In the Field: Battling TB Across Borders in Central Asia
Remember last week when Deliana Garcia reported out from a trip to Mexico City? A few days later, she journeyed 23 long hours to reach Kazakhstan, the largest post-Soviet nation of Central Asia and the host of a two-day meeting to address regional cooperation in TB prevention and control, entitled “Migration and Tuberculosis, Cross Border TB Control and Care Central Asia Region, Regional High Level Meeting”. Del offered Health Network as a model that has demonstrated effectiveness in TB control among transnational migrants returning to their home countries from the US.
“This group in Central Asia has worked very hard with the support of Project HOPE and the National Ministry of Health and Social Development to work collaboratively with their neighbors to address transborder TB,” Del noted. “They were very receptive to hear how successful MCN had been in the deployment of TBNet as a part of Health Network and they were interested in gaining our perspective about long-term communication with migrants in their home country and in the country that was receiving them.”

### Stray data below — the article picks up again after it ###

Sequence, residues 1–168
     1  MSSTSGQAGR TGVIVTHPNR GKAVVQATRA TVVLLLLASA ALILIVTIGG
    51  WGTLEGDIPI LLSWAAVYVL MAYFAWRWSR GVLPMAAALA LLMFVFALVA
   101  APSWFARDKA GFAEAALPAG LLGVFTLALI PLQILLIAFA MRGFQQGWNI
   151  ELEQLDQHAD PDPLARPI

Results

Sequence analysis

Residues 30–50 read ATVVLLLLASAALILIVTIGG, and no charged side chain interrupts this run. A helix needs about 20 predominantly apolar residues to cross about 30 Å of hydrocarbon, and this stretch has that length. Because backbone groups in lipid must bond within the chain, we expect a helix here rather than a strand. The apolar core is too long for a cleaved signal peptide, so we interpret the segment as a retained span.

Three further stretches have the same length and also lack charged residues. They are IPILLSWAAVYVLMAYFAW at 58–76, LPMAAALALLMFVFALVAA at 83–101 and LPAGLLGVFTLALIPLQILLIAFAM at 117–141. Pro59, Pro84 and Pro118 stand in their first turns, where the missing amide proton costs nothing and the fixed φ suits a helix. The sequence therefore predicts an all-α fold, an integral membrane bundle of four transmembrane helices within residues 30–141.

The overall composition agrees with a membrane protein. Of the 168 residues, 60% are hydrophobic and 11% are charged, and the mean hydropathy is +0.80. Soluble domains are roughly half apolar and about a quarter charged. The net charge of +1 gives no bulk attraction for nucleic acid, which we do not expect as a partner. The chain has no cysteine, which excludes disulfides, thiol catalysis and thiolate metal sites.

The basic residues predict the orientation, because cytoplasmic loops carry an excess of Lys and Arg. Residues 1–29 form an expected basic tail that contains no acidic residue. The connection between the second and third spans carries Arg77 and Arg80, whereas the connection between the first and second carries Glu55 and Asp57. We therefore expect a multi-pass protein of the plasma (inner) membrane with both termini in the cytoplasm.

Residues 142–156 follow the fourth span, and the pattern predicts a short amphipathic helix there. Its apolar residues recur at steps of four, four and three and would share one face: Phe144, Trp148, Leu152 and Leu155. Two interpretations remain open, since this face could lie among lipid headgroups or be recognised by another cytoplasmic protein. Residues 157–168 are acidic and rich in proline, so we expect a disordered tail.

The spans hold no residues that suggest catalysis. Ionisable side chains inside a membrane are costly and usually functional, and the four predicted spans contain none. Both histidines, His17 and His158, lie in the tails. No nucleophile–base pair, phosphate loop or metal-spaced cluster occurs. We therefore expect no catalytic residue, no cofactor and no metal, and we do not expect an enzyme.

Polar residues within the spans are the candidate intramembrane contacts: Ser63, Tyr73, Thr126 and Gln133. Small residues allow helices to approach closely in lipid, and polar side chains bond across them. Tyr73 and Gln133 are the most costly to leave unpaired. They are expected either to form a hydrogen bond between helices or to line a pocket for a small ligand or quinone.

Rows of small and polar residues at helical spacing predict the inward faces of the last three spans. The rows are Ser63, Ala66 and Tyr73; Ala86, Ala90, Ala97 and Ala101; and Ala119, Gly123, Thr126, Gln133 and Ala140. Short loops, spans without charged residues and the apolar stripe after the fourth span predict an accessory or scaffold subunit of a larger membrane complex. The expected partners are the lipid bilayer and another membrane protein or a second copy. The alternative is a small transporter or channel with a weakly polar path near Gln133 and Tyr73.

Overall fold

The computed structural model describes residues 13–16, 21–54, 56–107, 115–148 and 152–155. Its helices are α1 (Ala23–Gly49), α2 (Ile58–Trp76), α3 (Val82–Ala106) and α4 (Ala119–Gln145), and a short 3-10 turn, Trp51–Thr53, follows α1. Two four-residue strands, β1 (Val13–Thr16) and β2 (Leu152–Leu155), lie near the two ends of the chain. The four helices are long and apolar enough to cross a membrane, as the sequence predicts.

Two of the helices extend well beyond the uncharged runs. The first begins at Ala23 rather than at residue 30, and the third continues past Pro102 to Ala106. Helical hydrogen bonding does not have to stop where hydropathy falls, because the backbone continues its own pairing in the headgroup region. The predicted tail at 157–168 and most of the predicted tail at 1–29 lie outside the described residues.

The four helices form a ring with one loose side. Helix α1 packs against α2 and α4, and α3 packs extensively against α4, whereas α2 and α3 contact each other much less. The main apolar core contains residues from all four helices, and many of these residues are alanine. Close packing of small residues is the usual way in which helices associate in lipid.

The meetings ended with the adoption of a promising resolution voicing the importance of protecting the region’s most vulnerable from TB like migrants, who are at risk of exposure but often confront numerous barriers to get treatment. This was Del’s first time in Astana, the nation’s capitol that was built after the fall of Communism. Del was happy to report that the low of -1 degree Celsius was noted by locals as a step up from last year’s temperature at the same time, when it dipped to -36. We’re happy to report that Del made it back from her lengthy journey and is now recuperating from jet lag back at MCN’s Austin office.